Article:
Detroit breaks ground on $40 million Rouge Park stormwater project

Sarah Rahal
The Detroit News

Detroit — The Detroit Water and Sewerage Department broke ground Thursday on the construction of a $40 million project to redirect rainwater and snowmelt from a far-westside neighborhood.

DepartmenWSD Director Gary Brown said during an announcement at Rouge Park that two new detention basins will be implemented to filter stormwater and discharge it into the Rouge River. The project will divert millions of gallons of stormwater runoff and snowmelt annually, redirecting will allow Detroit to be a more climate-resilient city, he said.

The project, which has been in the design phase the last three years, includes water mains and lead service-line replacements. It's expected to be completed in 2027.

Gary Brown, director of the Detroit Water and Sewerage Department, help break ground Thursday on a $40 million project to redirect rainwater and snowmelt from a far-westside neighborhood.

"The goal is to have a neighborhood-wide water and sewer system upgrade based on DWSD assessing the condition of the current pipes and other assets," Brown said. "New to this project for DWSD is the disconnection of downspouts and redirecting the rainwater onto the lawns from houses that have not done this yet to remove more water from our sewer system."

Lisa Wallick, DWSD director for stormwater and permitting, said the wet-weather treatment project will manage runoff from 218 acres with about 1,200 homes just west of Rouge Park.

The basins will be placed on the north side near Constance and another on the south side between Majestic and Sawyer, about five miles of storm sewer total through the neighborhood, Wallick said. The basins will allow sediment to settle before it is discharged to the Rouge River. "By doing this, we are eliminating millions of gallons of untreated combined sewerage from entering the park and river," Wallick said.

About 15,000 feet of water mains needs to be replaced, along with 400 lead service lines. The project will rehabilitate 20,000 feet of sewer and upgrade or repair about 100 catchbasins and manholes. 

Funding for the project is coming partially from city bonds, while about $32 million is coming from suburban counties of Oakland and Macomb. In an arrangement through the state environmental department, the suburban counties will be given more capacity in Detroit's connected sewer facility for the funding.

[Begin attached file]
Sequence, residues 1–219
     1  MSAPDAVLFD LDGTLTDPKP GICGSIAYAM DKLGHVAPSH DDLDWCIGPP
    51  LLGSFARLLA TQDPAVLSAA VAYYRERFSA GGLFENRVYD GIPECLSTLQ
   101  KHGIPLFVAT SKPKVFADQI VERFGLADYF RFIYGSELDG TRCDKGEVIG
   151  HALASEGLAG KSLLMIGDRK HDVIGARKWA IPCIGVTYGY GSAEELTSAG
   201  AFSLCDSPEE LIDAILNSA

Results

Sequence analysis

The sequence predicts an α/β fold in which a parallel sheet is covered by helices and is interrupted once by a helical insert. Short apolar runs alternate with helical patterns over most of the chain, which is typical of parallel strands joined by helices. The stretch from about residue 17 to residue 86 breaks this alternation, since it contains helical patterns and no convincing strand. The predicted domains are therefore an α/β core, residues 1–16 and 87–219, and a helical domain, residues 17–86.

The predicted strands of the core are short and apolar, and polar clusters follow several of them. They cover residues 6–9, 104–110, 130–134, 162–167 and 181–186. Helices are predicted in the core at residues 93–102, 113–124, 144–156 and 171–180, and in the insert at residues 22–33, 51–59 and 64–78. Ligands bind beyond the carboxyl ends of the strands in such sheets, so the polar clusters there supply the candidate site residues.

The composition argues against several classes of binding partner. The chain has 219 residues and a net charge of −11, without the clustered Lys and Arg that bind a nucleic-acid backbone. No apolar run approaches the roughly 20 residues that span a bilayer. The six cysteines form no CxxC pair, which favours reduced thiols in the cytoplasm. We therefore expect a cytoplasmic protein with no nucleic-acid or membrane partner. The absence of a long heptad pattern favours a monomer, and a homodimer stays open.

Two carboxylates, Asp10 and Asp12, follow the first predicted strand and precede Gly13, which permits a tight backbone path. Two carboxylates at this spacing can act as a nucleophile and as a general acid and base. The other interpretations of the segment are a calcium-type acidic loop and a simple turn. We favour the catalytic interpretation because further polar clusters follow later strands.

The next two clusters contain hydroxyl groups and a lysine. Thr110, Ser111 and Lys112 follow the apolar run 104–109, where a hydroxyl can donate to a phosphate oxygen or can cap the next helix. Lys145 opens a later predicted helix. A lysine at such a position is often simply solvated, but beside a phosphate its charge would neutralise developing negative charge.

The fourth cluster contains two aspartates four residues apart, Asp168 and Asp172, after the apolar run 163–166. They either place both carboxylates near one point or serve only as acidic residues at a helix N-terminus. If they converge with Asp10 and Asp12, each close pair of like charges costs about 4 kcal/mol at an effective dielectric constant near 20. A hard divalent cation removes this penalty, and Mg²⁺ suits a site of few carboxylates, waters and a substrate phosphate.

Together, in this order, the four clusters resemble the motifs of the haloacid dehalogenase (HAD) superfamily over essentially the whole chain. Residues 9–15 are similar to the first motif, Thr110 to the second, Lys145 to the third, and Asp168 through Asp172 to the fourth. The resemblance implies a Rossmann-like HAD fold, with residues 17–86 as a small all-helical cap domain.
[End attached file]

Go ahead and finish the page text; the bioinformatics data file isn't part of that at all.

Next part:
Leaders made the announcement nearing the one-year anniversary of historic flooding in the area during summer 2021.

Gary Brown, director of the Detroit Water and Sewerage Department, said the project should lessen the load on Detroit's sewage treatment facilities during heavy rainfall.

"Many residents were concerned abut our infrastructure. They lost memorabilia and valuables they will never be able to get back," said District 7 Councilman Fred Durhal III. "Not to mention their health was jeopardize based on the flooding, so today is a great day... The $40 million that will go here to help revitalize and fix our infrastructure here in the far-west area is just a start. Redirecting the water ensures that our residents basements are not flooded and that they can have a great quality of life here."

Detroit-based Major Contracting is the primary contractor on this project and will begin preparations for the new sewer piping related to the detention basins. The effort will not support the nearby Dearborn Heights community, Brown said.

The effort is in the DWSD's green infrastructure program, which began with bio-retention gardens in city parks and vacant parcels.  The first project was completed in November at the nearby Charles Wright Academy on Berg Road.

"We were able to negotiate a better deal where we can use some suburban dollars to help this project and move the dollars that were for this into another project. So, it's a win-win for Oakland, Macomb and the city of Detroit," Brown said.

Two new detention basins will divert rainwater to prevent flooding.

Twitter: @SarahRahal_